We are no longer looking for MSc students. Details on other Masters project in our institute can also be found here. However, if you are interested in the projects listed below, or our broad research interests, please contact Daniel Rankin.
1) Evolution of helping and harming in bacteria
Not only can genes pass between parents and offspring (vertical transmission) but in a number of organisms, they can also be transferred horizontally. In many bacteria, it appears that genes involved in virulence and anti-biotic resistance are carried on plasmids, and hence can be transferred horizontally. This is especially important for genes involved in bacterial cooperation. We ask why these genes in particular are transmitted horizontally. We make models to ask what the conditions under which this is favoured, and also use genome data from Escherichia coli to test our models and look for interesting questions. This project would also be suitable for someone wanting to learn more about genome evolution.
2) The teaching of evolution and the effect on hospital-acquired superbugs
Hospital acquired infections account for a large number of deaths in the western world. This is mostly due to the spread of antibiotic resistant bacteria. Despite bacteria evolving to resist antibiotics, the awareness of evolution among doctors and nurses is still lacking. This project will aim to look at whether knowledge of evolution can play a role in helping hospitals understand the risks of antibiotic resistance. We will use surveys to learn about the knowledge of natural selection and the evolution of antibiotic resistance among doctors and nurses in hospitals, both in Switzerland and (if possible) in other countries. We will further obtain data on rates of hospital infections, and resistance to antibiotics among those strains. This will allow us to ask whether teaching evolution to hospital workers can help to prevent the spread of antibiotic resistance.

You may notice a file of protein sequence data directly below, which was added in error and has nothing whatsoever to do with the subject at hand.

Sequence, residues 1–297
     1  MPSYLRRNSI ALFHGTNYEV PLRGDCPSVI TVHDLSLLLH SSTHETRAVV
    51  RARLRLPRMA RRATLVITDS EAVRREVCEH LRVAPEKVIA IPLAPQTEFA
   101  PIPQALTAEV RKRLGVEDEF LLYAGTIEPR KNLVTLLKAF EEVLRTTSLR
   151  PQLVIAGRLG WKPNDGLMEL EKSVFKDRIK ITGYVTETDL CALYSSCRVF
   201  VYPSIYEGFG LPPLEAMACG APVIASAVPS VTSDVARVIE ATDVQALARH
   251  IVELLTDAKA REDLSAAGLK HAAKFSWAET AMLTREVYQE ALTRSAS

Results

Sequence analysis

3) Modelling the resolution of conflict in animals and bacteria
Public goods dilemmas, such as global pollution present large scale problems for human societies. However, many other organisms have solved these problems to allow them to use their resources prudently. We therefore ask how this is possible, and ask why cooperation occurs, and how conflicts are resolved in nature. To do this, we use mathematical modelling. We will investigate the conditions under which cooperation is favoured, and where over exploitation of shared resources does not occur. We build very simple analytical models, as well as computer simulations. No knowledge of programming (or even maths) is required, but you will be helped to learn, but a willingness to undertake a theoretical project is essential. We also model situations involved in human evolution, particularly how humans use information make decisions regarding whether to help or harm other individuals. However, our approach is so broad that it applied to almost any system, from bacteria to animals. This project would be suited for someone who wants to learn programming and some theoretical skills.
4) The evolution of communication systems in humans
We use economic experiments with student participants to look at how communication can evolve. Allowing students to play simple learning games, and then pass arbitrary signals to each other, we can examine the conditions under which 1) they attach meaning to the signals and 2) the communicate in an honest way. We base our experiments on solid models, so we know what to expect, and have developed a system that allows us to manipulate the conditions under which signaling is favoured. For example, we ask the following questions: how can communication systems arise in larger groups? Are structured interactions important? Does reputation and gossip play a role in communication? How does the complexity of a signal affect a participants ability to remember meaning? Are there common rules or conventions involved in communication systems?